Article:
We know you love the news from your home but these are some of the photos and articles that could just well add to your weekend reading list.
BALLARAT: Tim Bone has fought off the critics and overcome elimination, to reach the Top 5 in Channel 10's Masterchef competition. An undeniably charming talent in front of the camera - and the whole of Australia, no less - Mr. Bone's greatest impact is felt in Ballarat, particularly by the students at Yuille Park Community College. Read the full story right here.
LAUNCESTON: Eliana Robinson wants to prove that she's more than her disability. Photosensitivity is a rare condition that, if you haven't heard of it, sounds like something out of science fiction. It is an intriguing medical anomaly - but for Launceston's Eliana Robinson, it is her everyday life. Read Frances Vinall's article here.
WOLLONGONG: It's still a man's world, even when they're wearing frocks and heels, according to Illawarra woman Jennifer Gifford. She finds it interesting and slightly irritating that women dressed as men don't get the same level of respect as men dressed as women. Yes, you need to read all of Cyd Mardon's article in the Illawarra Mercury; click here.
LAUNCESTON: It's been one hectic week for Tasmania's emergency services. Combine unpredicatable weather with bushwalking adventurers and sometimes, hard work ensues. Happily everyone was found - including WA father and daughter Terry and Emily Koziniec as well as Michael Bowman. But then there was Ralphie, the kelpie cross greyhound, who chased a kangaroo and plunged five metres off a cliff. Read the full article and check out even more glorious Scott Gelston photos.
MURRURUNDI: Numerous droughts have shaped the town's rich social and environmental history, but the current, seemingly endless dry spell has pushed its population of 850 to the brink, both physically and mentally. Reporter Matthew Kelly spoke to the good people in the Upper Hunter town and filed this article.
WARRNAMBOOL: Tim Gainey is a Colorado native soon. He came to Australia, south-west Victoria in particular, 13 years ago as a fresh-faced American basketball import. Tim is now entrenched in the community. He met his wife Louise in Warrnambool and together they are raising four daughters. He's still basketballing, too. Read about the milestone Tim will reach this weekend.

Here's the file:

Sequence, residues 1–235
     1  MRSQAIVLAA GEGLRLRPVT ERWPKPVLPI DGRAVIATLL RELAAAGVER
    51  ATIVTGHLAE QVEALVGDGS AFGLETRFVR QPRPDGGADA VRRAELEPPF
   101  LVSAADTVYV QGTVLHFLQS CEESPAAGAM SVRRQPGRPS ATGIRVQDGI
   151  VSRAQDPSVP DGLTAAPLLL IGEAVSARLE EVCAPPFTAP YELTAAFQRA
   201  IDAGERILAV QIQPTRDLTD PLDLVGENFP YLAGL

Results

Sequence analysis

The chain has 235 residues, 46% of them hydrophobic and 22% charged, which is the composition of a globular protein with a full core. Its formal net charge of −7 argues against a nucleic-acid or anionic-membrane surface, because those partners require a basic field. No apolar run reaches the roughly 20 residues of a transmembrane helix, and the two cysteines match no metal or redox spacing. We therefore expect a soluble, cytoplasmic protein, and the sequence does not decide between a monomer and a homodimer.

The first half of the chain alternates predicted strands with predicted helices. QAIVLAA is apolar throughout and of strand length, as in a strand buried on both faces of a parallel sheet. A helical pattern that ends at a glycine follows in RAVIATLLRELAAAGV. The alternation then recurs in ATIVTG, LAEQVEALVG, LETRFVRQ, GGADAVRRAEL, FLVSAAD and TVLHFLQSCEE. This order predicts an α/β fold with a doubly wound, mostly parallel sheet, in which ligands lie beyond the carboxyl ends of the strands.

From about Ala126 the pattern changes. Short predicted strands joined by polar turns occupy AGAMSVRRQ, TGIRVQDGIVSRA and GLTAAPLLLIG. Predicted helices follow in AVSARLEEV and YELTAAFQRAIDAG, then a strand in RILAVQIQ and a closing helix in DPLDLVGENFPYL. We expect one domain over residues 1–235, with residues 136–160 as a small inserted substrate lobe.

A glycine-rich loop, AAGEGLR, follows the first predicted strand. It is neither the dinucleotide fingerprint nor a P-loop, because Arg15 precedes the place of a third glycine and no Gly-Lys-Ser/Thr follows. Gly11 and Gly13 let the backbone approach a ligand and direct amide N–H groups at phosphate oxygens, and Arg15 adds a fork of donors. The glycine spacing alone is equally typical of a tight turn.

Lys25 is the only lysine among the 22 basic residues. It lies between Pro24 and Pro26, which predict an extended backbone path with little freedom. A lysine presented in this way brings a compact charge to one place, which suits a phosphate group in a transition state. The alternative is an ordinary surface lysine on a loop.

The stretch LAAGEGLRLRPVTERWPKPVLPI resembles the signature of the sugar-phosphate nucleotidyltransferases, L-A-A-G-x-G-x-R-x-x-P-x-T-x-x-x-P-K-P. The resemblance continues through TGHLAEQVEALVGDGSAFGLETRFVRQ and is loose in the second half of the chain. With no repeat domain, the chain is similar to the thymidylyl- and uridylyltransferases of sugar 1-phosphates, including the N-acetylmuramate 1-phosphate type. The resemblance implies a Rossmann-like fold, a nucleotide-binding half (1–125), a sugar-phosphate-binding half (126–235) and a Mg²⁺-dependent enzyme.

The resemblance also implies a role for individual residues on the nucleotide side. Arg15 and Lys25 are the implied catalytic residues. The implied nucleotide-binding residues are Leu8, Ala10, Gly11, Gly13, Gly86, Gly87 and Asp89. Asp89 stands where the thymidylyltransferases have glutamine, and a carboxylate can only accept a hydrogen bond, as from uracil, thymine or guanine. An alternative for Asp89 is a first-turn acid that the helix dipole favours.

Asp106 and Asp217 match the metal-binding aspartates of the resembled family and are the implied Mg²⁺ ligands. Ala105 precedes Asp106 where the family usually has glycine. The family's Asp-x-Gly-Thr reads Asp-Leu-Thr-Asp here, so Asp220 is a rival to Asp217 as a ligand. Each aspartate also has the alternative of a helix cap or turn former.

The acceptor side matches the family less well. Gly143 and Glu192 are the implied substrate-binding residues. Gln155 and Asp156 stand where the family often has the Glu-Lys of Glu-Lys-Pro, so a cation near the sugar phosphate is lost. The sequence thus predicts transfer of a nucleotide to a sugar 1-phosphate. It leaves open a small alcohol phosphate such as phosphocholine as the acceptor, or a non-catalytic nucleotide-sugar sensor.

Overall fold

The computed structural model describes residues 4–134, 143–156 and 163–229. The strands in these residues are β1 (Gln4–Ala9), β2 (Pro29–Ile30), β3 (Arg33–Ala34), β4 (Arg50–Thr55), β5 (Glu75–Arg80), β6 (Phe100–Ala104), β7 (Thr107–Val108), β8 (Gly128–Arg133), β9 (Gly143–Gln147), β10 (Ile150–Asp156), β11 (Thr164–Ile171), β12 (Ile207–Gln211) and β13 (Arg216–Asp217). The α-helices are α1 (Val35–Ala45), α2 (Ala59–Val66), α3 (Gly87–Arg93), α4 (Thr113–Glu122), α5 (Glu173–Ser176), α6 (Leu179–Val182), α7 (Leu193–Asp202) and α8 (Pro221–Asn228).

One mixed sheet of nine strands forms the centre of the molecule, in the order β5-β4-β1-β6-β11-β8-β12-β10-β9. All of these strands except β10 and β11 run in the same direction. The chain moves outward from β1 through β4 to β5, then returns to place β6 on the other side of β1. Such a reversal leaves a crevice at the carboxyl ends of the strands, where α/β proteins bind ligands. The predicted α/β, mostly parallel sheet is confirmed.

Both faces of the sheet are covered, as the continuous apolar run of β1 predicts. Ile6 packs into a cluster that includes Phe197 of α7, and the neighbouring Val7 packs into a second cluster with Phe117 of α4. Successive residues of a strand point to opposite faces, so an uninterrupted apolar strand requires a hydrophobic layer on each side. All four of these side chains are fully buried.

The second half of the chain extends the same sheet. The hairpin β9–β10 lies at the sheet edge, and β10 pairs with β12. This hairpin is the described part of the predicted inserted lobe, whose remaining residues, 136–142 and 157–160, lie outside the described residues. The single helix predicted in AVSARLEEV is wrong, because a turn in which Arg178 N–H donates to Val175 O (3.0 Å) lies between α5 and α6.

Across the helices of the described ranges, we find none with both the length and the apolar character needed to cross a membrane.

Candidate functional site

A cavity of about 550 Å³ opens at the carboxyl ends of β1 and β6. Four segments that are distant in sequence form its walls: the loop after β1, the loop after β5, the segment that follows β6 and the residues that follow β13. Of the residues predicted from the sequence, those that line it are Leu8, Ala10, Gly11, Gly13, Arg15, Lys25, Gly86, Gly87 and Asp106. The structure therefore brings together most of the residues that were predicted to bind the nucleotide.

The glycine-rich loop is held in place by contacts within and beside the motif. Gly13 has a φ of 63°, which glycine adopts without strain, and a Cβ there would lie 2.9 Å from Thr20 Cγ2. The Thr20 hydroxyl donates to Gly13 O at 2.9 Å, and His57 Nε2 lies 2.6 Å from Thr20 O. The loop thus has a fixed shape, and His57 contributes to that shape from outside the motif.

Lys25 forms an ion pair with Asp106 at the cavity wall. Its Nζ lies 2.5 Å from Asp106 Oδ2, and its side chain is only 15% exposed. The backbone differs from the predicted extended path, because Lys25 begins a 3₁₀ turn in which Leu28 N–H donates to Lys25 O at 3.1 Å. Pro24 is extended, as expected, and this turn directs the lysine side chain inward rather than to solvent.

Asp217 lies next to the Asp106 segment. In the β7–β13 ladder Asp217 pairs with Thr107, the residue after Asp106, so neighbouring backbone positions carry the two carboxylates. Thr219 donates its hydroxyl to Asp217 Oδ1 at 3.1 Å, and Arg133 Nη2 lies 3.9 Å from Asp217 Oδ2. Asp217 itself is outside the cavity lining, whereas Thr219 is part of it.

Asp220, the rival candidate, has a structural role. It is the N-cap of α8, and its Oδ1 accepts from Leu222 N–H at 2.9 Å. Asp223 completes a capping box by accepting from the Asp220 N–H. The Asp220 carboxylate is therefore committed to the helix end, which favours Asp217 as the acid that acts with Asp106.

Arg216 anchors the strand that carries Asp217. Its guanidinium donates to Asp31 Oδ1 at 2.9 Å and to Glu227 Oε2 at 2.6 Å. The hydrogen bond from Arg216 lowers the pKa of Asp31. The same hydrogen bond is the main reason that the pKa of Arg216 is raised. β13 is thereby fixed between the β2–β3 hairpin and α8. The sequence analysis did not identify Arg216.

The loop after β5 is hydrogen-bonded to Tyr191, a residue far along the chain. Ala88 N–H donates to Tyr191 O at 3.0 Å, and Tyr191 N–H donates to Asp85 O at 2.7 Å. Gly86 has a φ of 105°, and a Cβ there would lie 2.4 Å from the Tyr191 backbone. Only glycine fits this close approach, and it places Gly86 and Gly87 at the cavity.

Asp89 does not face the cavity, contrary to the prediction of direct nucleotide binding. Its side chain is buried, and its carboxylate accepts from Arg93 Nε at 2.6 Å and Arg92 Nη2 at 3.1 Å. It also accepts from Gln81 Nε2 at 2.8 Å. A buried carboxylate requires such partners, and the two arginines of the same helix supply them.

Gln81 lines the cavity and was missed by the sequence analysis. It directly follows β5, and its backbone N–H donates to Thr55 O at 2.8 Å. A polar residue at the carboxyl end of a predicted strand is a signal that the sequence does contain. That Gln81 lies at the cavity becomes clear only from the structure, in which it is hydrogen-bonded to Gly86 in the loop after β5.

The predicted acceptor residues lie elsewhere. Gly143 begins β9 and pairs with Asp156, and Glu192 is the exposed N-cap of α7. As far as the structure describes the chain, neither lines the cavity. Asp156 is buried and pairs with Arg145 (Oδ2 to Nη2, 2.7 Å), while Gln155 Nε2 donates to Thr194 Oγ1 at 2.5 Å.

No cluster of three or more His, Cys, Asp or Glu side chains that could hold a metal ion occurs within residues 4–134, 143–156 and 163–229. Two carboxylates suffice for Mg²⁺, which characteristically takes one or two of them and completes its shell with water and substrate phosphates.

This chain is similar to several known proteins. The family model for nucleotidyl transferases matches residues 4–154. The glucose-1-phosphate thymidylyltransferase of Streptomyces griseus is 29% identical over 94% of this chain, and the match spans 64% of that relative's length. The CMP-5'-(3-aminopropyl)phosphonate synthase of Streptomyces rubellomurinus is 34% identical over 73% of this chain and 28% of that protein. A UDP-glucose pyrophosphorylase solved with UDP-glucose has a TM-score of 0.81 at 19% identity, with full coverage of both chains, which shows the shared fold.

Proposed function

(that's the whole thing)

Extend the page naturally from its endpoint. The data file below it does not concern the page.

WAGGA: What started out as school yard fun has grown into a community of people passionate about one thing: games. The Riverina Games Association this year celebrates its 30th birthday, and Karl Baumer has been there from the beginning. Read the full story and enjoy more photos.
BURNIE: For many people in central Asia the world ended on April 25, 2015. But to Grant Parke the day seemed to last an entire lifetime. It was, at least, a day that would change his life in every way imaginable. Fast forward to 2017 - another life-changing force entered Grant's life. Read Sandy Powell's full article right here.
ULVERSTONE: Heard of "funeral poverty"? Well, it's real. Very real. Lynne Jarvis, who is part of the Compassionate Communities project, said over a series of public meetings, they had identified the need for a funeral service that people could afford, and which offered more options. Read Leah McBey's article right here
ALBURY: Wayne Edwards is one of the most gifted indigenous players in the Border district to pull on the boots. After proving a more than handy player at North Albury, Edwards headed bush and played in a flag with Walbundrie in 1989. And while he won most battles on the field, the 57-year-old is facing his biggest battle off it. Read Brent Godde's article here.
NEWCASTLE: Krystal Bailey is urging women to "do their research" before going under the knife after her experience at the hands of the now suspended cosmetic surgeon, Dr Leslie Blackstock. "Each surgery he did created more and more problems, from the simple fact he gave me the wrong implants to start with." Read the full article here.
CANBERRA: Professor Ross Taylor is not very excitable. Fifty years ago, the Canberra scientist made one of the big discoveries about the nature of the moon. He remains completely underwhelmed. How tense was he? Two on a scale of ten, he told The Canberra Times. Read Steve Evans' full article here.